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Author Topic: Fencing a pig paddock  (Read 454 times)

Hogwarts

  • Joined Sep 2019
Fencing a pig paddock
« on: January 06, 2020, 07:07:39 pm »
 I'm fencing a paddock myself for some pigs (8 week weaners to 6 month porkers) and its the first time I have ever done it. I'm using high tensile stock fencing (ht8/80/15). I have erected all the bigger strainer posts about 3ft in the ground with struts on the corner ones and I've bought a  draper tensioning tool ready to put the fence up. But I have some questions if anyone can help?

1/ The fence netting has small holes and big holes, should I put the small holes at the bottom or top? Would a pig get its head stuck if I put the small holes at the bottom?

2/ Is a row of barb wire below and above the netting a good idea/ necessary?

3/ The paddock is not entirely flat, but has some small gradients, does that mean I will have to cut the netting into segments rather than doing it all in one go?

4/ How tight does the fence need to be?

5/ Does the fence go on the inside or outside of the posts?
Voss Electric Fence

Black Sheep

  • Joined Sep 2015
  • Briercliffe
    • Monk Hall Farm
Re: Fencing a pig paddock
« Reply #1 on: January 06, 2020, 08:11:28 pm »
You're going to love having the pigs! I'm not an expert at fencing and don't necessarily know the "right" answer but these are my thoughts.

First be careful with the tensioning tool. I have the same one and it can suddenly slip on the wire. Trust me that when it does that and hits your kneecaps you know about it.

1. Normally the small holes go at the bottom of stock net. I'd really suggest adding some strands of electric fence on the inside of your stock fence to deter the pigs further. Not only will this increase your chances of avoiding a break out it will also stop them pushing or rubbing against the posts, which means the fence will survive a lot longer. By putting the stock net on the outside of the posts you can mount the screw in insulators on the inside and so the netting and electric "layers" will be separated by a few inches. Plus they can't get their heads stuck either.

2. If you are adding some electric you don't need to worry about barbed wire as well I suspect. If you aren't doing so then a line of barbed at the bottom can help deter the pigs from trying to get under the netting. But remember that the grass will grow quickly and they will push soil up against the fence as they root and this will probably get buried quite quickly. Which in turn means you'll get caught on it when you least expect it.

3. Our fencing contractor has run stock netting in one long continuous length across some pretty significant changes of gradient. But then he has a big tractor to do the tensioning. I'd try running it in one go and see how tight you can get it.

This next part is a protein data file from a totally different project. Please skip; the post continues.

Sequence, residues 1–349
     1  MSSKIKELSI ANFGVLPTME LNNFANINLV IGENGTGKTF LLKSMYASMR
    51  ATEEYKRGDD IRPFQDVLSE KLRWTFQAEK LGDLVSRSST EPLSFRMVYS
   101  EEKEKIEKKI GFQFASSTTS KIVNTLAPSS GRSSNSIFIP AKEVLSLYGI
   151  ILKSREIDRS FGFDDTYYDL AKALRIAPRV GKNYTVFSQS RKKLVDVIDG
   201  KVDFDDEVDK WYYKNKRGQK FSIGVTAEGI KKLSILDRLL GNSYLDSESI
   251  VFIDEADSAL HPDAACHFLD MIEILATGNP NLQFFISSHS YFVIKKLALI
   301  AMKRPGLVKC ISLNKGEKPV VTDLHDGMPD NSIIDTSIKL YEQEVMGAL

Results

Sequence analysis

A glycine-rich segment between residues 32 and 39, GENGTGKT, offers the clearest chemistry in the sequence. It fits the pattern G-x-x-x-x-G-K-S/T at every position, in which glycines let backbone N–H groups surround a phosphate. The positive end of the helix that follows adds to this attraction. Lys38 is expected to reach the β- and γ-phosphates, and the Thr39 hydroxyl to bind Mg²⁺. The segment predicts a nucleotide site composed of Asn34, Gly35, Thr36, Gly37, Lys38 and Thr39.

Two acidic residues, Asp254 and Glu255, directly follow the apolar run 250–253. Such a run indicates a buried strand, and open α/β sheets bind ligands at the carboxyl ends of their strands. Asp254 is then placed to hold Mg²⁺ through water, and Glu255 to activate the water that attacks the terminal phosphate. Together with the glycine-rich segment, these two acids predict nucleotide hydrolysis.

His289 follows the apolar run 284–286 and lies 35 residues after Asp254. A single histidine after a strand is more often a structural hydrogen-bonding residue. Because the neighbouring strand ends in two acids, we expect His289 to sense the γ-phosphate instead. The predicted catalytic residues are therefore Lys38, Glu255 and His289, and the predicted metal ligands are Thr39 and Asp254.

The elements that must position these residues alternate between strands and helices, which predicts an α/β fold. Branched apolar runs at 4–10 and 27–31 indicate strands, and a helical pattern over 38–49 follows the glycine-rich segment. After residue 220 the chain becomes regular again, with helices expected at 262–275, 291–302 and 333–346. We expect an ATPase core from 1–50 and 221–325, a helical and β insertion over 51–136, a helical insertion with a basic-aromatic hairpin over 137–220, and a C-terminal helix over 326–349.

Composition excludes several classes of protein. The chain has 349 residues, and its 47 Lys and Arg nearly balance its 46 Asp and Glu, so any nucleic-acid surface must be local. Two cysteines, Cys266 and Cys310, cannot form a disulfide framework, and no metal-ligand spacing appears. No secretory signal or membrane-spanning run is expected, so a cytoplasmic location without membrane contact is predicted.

4. As tight as you can get it really. Loose fence is more likely to get stock trapped in it or see them find a way to escape.

5. See above if adding electric too, otherwise I guess technically having it on the inside will give it greater resistance against being pushed by the pigs.


harmony

  • Joined Feb 2012
Re: Fencing a pig paddock
« Reply #2 on: January 06, 2020, 08:23:58 pm »

2. Only need barbed wire at the bottom unless you go with Black Sheep's suggestion of electric wire.
3. When you tension you will still be able to move the wire up and down the post and follow the gradients as you staple on.
4. Tight!!
5. Inside of posts.




Hogwarts

  • Joined Sep 2019
Re: Fencing a pig paddock
« Reply #3 on: January 06, 2020, 08:26:04 pm »
Thanks Black sheep the strand of electric wire I have heard about before and I had disregarded it as it sounded too much of a faff hence why I was probably going to put a strand of barb wire on the bottom instead. But how you described it sounds quite neat and tidy and if it does deter them it sounds like it could protect the fence by quite a bit! And prolong its life.  So I shall endeavour to do this, the paddock is not very big anyway so should need much power plus I already have some electric wire I can use.

SallyintNorth

  • Joined Feb 2011
  • Cornwall
  • Rarely short of an opinion but I mean well
Re: Fencing a pig paddock
« Reply #4 on: January 07, 2020, 12:55:34 am »
The barbed at the bottom stops them digging under.  It doesn’t matter if it gets buried.  Everything gets buried, they’re pigs!  :D.  The electric wire also gets buried, which grounds it out, so then you are glad to have the second line of defence ;)

Livestock fencing goes small holes lower, fence inside posts.  If livestock both sides, fence on the side that will get the most pressure. 



Don't listen to the money men - they know the price of everything and the value of nothing

Live in a cohousing community with small farm for our own use.  Dairy cow, beef cattle, pigs, sheep for meat and fleece, ducks and hens for eggs, veg and fruit growing

Dan

  • The Accidental Smallholder
  • Administrator
  • Joined Oct 2007
  • Carnoustie, Angus
    • The Accidental Smallholder
    • Facebook
Re: Fencing a pig paddock